Ignoring Highway Code could be 'potential killer' for millions as AA warns of 'devastating impact'

Part of a series: Businesswoman driving from home to pick-up a male colleague and sharing a car to travel to their place of work
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Drivers who flout the Highway Code have been warned of "potential killer" consequences and the possibility of hefty fines.

The warning comes as the AA points out a worrying complacency among drivers and motorists, especially in relation to one key Highway Code rule that's being frequently ignored.

The AA has revealed roughly one in 12 young passengers aged between 14 and 29 fail to wear seatbelts while in the car. Astonishingly, one in 40 drivers also don't buckle up, raising serious safety concerns.

President of the AA, Edmund King, has highlighted the devastation of every loss and injury resulting from road accidents, urging for "important, bold steps" towards zero fatalities on our roads. He said: "The shocking fact that drivers and passengers alike are willing to travel in a moving car without a seat belt on is horrific. We need to do everything possible to change this behaviour once and for all and ensure everyone clips in before setting off", reports the Mirror.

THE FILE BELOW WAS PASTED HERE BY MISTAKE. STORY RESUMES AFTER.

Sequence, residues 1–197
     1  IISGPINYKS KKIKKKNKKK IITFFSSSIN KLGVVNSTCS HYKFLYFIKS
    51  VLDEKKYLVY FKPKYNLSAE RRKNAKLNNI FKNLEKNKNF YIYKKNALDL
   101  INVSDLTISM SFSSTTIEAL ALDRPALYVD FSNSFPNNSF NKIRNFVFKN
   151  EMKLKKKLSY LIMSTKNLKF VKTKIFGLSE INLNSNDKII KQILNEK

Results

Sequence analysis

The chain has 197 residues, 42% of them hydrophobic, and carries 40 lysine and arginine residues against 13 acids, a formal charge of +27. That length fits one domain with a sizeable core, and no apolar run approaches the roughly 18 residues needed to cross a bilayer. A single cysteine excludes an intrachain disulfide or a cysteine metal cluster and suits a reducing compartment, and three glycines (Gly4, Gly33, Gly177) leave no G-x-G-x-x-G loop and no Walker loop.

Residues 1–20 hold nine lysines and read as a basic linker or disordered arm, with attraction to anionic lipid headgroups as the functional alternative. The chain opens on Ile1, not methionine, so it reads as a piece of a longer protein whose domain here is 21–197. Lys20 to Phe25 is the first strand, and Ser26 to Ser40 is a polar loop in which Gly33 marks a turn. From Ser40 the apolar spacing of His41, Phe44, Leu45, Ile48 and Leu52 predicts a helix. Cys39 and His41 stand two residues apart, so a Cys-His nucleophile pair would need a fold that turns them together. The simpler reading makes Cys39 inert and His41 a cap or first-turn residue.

They add: "A generational lapse in one of the most basic road safety disciplines is contributing to 21 per cent of car occupant fatalities. Years ago, it was drummed into drivers and then passengers to belt up before setting off on a car journey. Now it seems that too many car occupants have become complacent.

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"It seems a proportion of people drive carelessly or dangerously as it is clear that many believe they can do what they want as they won't get caught. Our motoring manifesto is clear that we need more cops in cars to help police the roads. Not only will their presence act as a deterrent, but they can stop poor and illegal drivers immediately, potentially preventing further tragedy."

The Department for Transport has also been actively campaigning with its recent Think! road safety initiative, which particularly urges young men to buckle up.

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